JAKARTA (TheInsiderStories) – Indonesia will start the construction of the new capital city in 2021, with a view to having the administrative center fully operational by 2024, officials said today (11/15). Currently, ministries are drafting a presidential regulation on the authority agency for the new capital preparation, relocation, and construction that will be presented to President Joko Widodo next week.
“We all agree that this planning can be completed within a year and when everything is ripe, we will start the construction in early 2021. The construction will be targeted for three years,” Coordinating Minister for Maritime and Investment Affairs Luhut Binsar Pandjaitan told reporters after holding a closed meeting with the number of state officials.
Besides Pandjaitan, attended the session was Coordinating Minister for Human Development Muhajir Effendy, Legal and Human Rights Minister Yasonna Laoly, Development Planning Minister Suharso Monoarfa and Jakarta Governor Anies Baswedan.
The authority agency will be filled by neutral professionals, not bureaucrats and reporting directly to the President, Monoarfa said. The minister promised regulations related to the formation of the agency would be completed before the end of the year.
Meanwhile, about the composition, Monoarfa explained that the agency would have a steering committee and a supervisory committee. Both have their respective functions and duties to ensure their work effective, he adds.
Monoarfa also said, there were many issues that had to be defined and determined, especially regarding the form of the capital, for example, what the autonomous region would be like, what the special region was like, then what the district or central government would be.
“Later the function of the capital is whether as the capital of the state or the government, of course, we want it to be the capital of the state as well as the capital of government,” he said, saying if it is just the capital of the government, it means that only the government has moved, meaning that the ministry or state institution is still in Jakarta, but if the form of the capital of the state, then all moved.
Widodo has announced the location of new capital in East Kalimantan Province, the Indonesian part of Borneo island. He cited the need to ease the burden on Jakarta and the rest of Java island, and to jump-start the economy in other parts of the archipelago nation.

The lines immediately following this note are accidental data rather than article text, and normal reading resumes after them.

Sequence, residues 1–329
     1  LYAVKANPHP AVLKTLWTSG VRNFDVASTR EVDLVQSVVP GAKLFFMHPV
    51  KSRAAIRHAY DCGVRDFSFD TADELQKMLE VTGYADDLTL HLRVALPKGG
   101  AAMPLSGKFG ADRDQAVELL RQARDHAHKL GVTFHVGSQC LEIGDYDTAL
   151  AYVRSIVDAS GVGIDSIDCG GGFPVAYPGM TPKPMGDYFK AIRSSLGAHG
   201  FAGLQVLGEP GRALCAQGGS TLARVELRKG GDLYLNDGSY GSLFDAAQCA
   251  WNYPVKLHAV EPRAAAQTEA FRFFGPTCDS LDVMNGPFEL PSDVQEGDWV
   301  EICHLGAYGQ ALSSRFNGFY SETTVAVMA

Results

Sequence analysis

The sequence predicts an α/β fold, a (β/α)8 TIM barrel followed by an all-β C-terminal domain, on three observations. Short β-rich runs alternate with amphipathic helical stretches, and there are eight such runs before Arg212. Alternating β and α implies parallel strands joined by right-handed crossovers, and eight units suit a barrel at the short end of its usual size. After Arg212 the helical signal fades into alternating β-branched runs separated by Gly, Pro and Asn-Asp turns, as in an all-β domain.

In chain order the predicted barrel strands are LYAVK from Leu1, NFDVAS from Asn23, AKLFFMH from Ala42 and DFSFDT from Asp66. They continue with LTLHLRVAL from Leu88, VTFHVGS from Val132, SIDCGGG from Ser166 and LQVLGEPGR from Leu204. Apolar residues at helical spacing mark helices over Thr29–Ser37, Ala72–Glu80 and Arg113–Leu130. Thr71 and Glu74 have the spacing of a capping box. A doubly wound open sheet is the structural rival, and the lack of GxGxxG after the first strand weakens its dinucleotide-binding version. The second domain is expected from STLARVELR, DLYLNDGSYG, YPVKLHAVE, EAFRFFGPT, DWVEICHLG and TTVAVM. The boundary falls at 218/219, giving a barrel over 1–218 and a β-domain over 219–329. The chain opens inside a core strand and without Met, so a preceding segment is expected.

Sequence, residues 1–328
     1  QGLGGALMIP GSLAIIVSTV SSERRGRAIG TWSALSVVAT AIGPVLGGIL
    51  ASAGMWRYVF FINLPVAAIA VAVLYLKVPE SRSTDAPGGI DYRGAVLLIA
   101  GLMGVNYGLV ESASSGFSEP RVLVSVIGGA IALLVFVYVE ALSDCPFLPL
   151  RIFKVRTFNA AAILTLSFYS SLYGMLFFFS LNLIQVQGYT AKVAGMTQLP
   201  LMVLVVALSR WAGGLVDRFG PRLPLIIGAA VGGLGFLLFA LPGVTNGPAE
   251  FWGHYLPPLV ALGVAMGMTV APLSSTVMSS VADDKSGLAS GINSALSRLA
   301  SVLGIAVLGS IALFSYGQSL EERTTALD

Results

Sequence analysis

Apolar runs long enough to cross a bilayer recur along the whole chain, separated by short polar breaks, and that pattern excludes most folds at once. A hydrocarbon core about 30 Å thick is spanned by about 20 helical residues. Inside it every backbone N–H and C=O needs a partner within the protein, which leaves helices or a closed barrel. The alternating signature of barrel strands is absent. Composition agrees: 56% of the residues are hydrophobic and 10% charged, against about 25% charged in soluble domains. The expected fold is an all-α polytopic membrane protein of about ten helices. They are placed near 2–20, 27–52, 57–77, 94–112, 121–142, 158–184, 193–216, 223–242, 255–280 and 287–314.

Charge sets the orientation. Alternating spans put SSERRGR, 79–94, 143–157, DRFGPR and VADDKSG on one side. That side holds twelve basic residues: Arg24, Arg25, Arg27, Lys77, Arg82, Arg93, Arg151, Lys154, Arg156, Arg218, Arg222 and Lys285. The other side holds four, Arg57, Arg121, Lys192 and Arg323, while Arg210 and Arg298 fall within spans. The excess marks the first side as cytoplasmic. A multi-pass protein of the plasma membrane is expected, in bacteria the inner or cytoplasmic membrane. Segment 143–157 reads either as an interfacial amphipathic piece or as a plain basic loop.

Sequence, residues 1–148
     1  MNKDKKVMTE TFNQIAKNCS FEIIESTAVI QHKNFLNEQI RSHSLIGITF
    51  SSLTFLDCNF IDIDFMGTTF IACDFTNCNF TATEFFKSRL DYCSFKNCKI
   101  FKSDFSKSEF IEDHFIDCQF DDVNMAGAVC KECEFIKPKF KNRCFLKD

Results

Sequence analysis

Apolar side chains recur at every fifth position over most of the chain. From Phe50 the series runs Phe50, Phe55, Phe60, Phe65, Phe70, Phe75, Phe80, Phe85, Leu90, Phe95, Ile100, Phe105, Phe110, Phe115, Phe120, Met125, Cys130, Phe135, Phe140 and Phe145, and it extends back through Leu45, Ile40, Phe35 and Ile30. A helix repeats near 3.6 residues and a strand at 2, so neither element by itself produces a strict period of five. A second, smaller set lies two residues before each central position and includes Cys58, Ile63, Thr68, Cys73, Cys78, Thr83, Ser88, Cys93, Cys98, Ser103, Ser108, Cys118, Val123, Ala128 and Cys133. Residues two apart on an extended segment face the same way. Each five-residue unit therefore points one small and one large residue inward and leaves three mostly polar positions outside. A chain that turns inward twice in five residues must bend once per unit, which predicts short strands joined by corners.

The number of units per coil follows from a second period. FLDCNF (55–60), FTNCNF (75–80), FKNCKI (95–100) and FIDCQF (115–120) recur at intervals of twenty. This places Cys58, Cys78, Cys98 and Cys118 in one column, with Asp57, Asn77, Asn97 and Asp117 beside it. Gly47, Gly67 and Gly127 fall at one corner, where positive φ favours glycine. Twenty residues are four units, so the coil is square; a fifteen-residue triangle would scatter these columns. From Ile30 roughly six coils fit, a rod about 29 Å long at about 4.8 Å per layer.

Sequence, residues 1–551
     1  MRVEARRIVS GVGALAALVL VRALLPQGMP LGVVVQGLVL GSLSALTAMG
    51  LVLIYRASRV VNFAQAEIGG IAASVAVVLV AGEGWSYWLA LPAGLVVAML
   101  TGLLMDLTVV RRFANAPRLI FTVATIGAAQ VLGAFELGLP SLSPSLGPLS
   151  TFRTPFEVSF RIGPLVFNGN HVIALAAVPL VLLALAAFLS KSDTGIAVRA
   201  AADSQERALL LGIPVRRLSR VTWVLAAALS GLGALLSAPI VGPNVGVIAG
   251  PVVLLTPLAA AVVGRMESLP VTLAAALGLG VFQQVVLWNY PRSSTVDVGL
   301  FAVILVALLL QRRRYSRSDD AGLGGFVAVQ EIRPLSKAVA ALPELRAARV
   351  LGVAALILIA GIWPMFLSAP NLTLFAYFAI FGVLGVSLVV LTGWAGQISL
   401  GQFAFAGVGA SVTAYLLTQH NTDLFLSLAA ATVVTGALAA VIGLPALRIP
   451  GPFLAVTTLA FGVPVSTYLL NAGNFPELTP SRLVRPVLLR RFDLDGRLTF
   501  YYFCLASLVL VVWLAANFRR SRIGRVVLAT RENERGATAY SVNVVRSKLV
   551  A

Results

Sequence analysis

The new capital location will straddle two districts: Penajam Paser Utara and Kutai Kartanegara in East Kalimantan Province, the province’s two largest cities, which are a two-hour flight from Jakarta. The capital will be built on 180,000 hectares of land already owned by the government, thereby minimizing the cost of land acquisition. Earthquakes, flooding, and volcanic eruptions are less common in that area.
“Why the urgency now? Because we cannot let Jakarta and Java island continue to carry a burden that is getting heavier from population density, severe traffic jams, and air and water pollution that need to be tackled,” the president said.
“The economic gap between Java and outside Java has continued to widen despite the regional autonomy policy launched in 2001,” he added. He noted that 54 percent of Indonesia’s more than 260 million people reside on Java and 58 percent of the country’s gross domestic product is produced on the island, despite its being the smallest of Indonesia’s five major islands.
Balikpapan is home to oil refineries and a port, making it an economic center of Kalimantan. Samarinda is the capital of East Kalimantan Province. Compared with other parts of Kalimantan previously considered, much of the necessary infrastructure is already in place. Both cities have an international airport, and they could be connected to the rest of the island via highways and railways.
Widodo earlier said he wants the new capital to be green, smart city, meaning he wants it wired with the latest information and communications technology. The aim is also to keep the city compact, so it does not harm surrounding tropical rainforests.
The move will cost an estimated Rp466 trillion (US$32.82 billion), with the government intending to cover 19 percent of the cost. The rest is expected to come mainly from public-private partnerships, as well as direct investment by state-owned enterprises and the private sector.
Written by Lexy Nantu, Email: firstname.lastname@example.org